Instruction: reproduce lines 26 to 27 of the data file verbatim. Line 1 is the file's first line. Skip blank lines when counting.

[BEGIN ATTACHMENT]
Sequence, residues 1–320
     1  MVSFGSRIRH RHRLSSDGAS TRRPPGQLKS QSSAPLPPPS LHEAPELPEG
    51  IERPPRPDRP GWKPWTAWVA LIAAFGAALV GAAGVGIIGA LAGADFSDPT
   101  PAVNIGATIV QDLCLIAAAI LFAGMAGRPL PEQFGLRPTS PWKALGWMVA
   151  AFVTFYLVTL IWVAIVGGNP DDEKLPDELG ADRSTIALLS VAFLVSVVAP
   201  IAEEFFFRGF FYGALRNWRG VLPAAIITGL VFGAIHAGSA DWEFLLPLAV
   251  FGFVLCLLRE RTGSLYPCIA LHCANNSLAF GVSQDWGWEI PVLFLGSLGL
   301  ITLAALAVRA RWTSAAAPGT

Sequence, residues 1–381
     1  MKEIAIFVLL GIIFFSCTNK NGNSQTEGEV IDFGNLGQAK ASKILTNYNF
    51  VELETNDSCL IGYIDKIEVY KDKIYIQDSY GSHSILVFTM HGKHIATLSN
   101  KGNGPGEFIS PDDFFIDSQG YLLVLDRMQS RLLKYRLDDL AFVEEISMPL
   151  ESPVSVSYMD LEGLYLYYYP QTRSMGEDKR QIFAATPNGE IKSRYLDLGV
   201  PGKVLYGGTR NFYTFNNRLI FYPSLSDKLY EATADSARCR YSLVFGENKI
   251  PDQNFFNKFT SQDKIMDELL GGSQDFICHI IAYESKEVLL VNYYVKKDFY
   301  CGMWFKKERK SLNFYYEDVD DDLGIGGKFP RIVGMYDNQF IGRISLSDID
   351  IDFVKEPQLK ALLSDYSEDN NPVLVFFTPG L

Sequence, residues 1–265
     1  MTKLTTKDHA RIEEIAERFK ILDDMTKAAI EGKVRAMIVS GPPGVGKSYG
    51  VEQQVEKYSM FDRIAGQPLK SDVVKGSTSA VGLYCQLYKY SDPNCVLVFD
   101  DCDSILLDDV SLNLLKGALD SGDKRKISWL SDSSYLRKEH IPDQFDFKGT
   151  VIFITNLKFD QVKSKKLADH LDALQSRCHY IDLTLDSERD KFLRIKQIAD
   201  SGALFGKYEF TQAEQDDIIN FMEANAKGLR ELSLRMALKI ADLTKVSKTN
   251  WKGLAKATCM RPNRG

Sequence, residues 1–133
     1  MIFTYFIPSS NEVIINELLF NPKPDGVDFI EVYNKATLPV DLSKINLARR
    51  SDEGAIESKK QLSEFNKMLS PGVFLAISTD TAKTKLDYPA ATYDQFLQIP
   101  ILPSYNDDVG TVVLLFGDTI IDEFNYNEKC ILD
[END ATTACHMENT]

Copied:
     1  MIFTYFIPSS NEVIINELLF NPKPDGVDFI EVYNKATLPV DLSKINLARR
    51  SDEGAIESKK QLSEFNKMLS PGVFLAISTD TAKTKLDYPA ATYDQFLQIP